As to the underlying decision, it does have a bit of ass-backwardness about it. But if it’s Lerner’s intention to have his head coach and his general manager be functional equivalents, then there’s nothing inherently wrong with it. If the Ball Boy ends up reporting to the general manager, then there’s trouble ahead, if not soon then someday anyway. Again, though, it’s hard to know since Lerner has never been one to explain much of anything.

The more fascinating aspect to this all is the simple fact that Lerner essentially is flying solo in this whole process without any personal record of success in that regard. Whether that makes him courageous or insane won’t be known for awhile. But what is known is that Lerner won’t have a John Collins or a Phil Savage to blame. This is a decision he owns alone.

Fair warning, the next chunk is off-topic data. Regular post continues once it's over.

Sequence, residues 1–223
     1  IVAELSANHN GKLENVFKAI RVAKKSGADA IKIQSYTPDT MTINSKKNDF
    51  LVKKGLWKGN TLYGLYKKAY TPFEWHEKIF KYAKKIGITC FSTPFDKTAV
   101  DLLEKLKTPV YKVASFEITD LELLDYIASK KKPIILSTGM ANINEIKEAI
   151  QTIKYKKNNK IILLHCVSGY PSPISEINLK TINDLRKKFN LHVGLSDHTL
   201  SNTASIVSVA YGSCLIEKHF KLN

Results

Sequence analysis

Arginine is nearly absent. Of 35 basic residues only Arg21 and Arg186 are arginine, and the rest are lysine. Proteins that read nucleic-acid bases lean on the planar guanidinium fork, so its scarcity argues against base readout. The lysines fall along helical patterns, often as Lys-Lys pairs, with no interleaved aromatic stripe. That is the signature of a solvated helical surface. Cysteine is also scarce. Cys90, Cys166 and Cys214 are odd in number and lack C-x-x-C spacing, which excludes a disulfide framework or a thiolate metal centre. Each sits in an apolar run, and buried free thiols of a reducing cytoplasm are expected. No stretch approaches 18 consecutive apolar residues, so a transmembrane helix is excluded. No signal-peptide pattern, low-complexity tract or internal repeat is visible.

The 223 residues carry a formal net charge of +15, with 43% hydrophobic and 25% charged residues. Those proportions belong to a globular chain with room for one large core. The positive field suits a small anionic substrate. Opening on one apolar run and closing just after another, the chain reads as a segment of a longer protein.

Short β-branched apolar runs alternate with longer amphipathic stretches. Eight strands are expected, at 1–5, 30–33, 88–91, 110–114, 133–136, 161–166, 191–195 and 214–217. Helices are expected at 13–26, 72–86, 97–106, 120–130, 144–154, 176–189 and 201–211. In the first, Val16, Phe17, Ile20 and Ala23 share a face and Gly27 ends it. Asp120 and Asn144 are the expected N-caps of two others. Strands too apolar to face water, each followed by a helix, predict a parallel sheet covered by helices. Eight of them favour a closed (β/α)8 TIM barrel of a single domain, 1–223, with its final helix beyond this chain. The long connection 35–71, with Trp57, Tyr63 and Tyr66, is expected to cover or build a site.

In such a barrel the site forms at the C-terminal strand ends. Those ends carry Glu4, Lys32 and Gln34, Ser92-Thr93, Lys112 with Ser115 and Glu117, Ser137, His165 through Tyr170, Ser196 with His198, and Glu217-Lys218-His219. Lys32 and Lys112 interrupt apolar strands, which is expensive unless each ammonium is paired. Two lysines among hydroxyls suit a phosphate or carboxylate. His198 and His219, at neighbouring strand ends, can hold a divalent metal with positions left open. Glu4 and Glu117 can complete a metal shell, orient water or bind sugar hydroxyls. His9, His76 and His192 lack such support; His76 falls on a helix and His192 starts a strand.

For those looking to gain some insight into what may have caught Lerner’s eye, the one thing the Ball Boy did say in his press conference that is bound to raise more than a few eye brows was that he too believes in the 3-4 defense. To this point, there is far more evidence that could ever be needed that it hasn’t worked well here. It is personnel driven and the Browns don’t currently have the players on the roster to effectively run it. The Ball Boy allowed that he won’t use it if the team doesn’t have the personnel, which was refreshing, so maybe this will be his first priority when it comes to rebuilding the offense this off-season. Ok, maybe second. He has to hire his boss first.

Pretty much the rest of the Ball Boy’s comments were what you’d expect. Yes, he’s excited. Yes, he’s learned from his experiences. Yes, he believes in discipline. Yes, he understands what it means to be a Browns fan. In short, he said all the right things. The proof of course is whether he does the right things.